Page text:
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Saints' Payton steps away from sanctity

By Shawn Clarke, Contributing NFL Editor

Philadelphia, PA (Sports Network) - Mother Teresa, the men and women of our Armed Forces and perhaps even Sully Sullenberger are all worthy of canonization for their impact on society. If New Orleans Saints head coach Sean Payton brings a Super Bowl title back to the Big Easy, he may be declared an individual with exceptional holiness too.

And that's not just because of the team name, but what it would mean to the community if the Saints march back to the bayou with their first NFL championship. In times of duress, many look to a higher being or people of prominence to help them cope. After Hurricane Katrina ravaged Louisiana and the displaced community was forced to use the Superdome as a temporary residence, there was always hope with the Saints.

It was soon after the levee system catastrophically failed during the storm, much like the football team often has since the late 60's, that team owner Tom Benson made the move to hire Payton before the 2006 season. The two have been to the NFC Championship game twice in the past four years, finally winning it just a few weeks ago in the Superdome in front of the allegiant fan base. Payton surely knows how important a championship would be to the fans and the Crescent City.

"It's hard (to explain)," Payton said earlier on the significance of an NFC title. "Four years ago, there were holes in this roof. The fans in this city and this region deserve it. Like I said before, I'm just proud to be a part of it, to be part of something that is so special for this city and well deserved."

It's only fitting the Saints are in the Super Bowl against the AFC's best in Indianapolis after ripping off 13 straight wins to start the season. Payton and offensive coordinator Pete Carmichael, Jr. were fortunate enough to coach one of the top offensive units in NFL history, as the Saints finished first in yards per game (403.8), first in points per contest (31.9) and tied for first with the Colts and Vikings with 34 touchdown passes. The job has been a bit easier with Drew Brees under center, and the All-Pro quarterback has only Payton and his staff to thank. Under Payton and Carmichael, Brees was the main reason why New Orleans fans forgot the likes of former signal-callers like Bobby Hebert, John Fourcade and Aaron Brooks.

Payton, who has posted a record of 38-26 in the regular season and 3-1 in the postseason, helped former Saint Kerry Collins and the New York Giants get to Super Bowl XXXV when he served as offensive coordinator, and his work with Brees has further solidified his reputation as being a successful tutor to quarterbacks. The former NFL Coach of the Year, who has also worked with Drew Bledsoe and Vinny Testaverde, has extensive knowledge in this field and the Saints are better for it. With a football I.Q. higher than that of Elaine Benes in a classic episode of Seinfeld, Payton has a chess match for the ages ahead of him against Colts All-Pro quarterback and four-time MVP of the league Peyton Manning.

Manning has not only been on the mind of Payton the past few weeks, but on that of defensive coordinator Gregg Williams, and that's not necessarily a bad thing.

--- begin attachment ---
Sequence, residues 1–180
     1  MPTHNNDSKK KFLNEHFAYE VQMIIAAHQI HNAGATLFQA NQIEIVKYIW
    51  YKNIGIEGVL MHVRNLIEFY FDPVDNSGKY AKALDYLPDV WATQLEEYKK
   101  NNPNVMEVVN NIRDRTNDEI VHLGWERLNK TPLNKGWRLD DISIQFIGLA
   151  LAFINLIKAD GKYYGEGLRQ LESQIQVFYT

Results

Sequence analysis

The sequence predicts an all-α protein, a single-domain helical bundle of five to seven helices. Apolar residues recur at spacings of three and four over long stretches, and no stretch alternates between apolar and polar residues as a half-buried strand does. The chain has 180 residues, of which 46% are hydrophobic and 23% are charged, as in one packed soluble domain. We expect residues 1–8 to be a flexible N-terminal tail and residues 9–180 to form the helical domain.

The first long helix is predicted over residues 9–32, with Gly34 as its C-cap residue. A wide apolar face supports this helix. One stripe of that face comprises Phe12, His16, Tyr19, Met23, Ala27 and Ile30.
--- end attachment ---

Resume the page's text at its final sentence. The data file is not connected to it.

Or is it?

One mental picture worth painting in the mind of any defensive coordinator is Manning performing surgery with his mind and arm at the line of scrimmage. If those delusions aren't proof that scheming for Manning should take the allotted two weeks before the Super Bowl, take a look at the film from Indy's win over the New York Jets in the AFC Championship game. The only thing Manning didn't have was an exacto knife against the Jets' 4-6 blitz package, and Williams can only hope Carmichael can keep his offensive unit on the field for a lengthy period of time. But before counting out Williams and his staff, one has to show respect for the pioneer of tough defenses. Williams' units in Washington and Tennessee made a steady climb near the top of the NFL's defensive charts in his years there, but this year's Saints still have some kinks in the system.

The New Orleans defense finished 13th in the league in sacks (35.0), 21st against the rush (122.2 ypg), 25th in total yards (357.8 ypg) and 26th in pass coverage (235.6 ypg). In the win over Minnesota in the NFC title game, the Vikings racked up 475 yards of offense, including 310 thanks to the aging right arm of future Hall of Fame QB Brett Favre. The secondary will be in for a long day and a rough trip back to New Orleans if Manning has his way as usual.

"I think the key is alignment, assignment and knowing with each play your call on defense, your responsibility on defense and just executing your job," Payton said last week. "Obviously it's a lot easier said than done. Not only is Peyton on top of what he wants to get to, but you can see that same awareness with the receivers in Dallas Clark and the running backs. It's a team that's very intelligent, very smart as well as talented, and at times they make it look easy."

Payton has made coaching look easy ever since Benson handed him the keys to the organization back on January 18, 2006. Now in his 21st year in coaching, Payton is a veteran of the game and has a chance to become even more of an exemplary figure in the hearts of Saints fans across the nation.

Comments? Criticism? Applause? Contact Shawn Clarke at sclarke@sportsnetwork.com.

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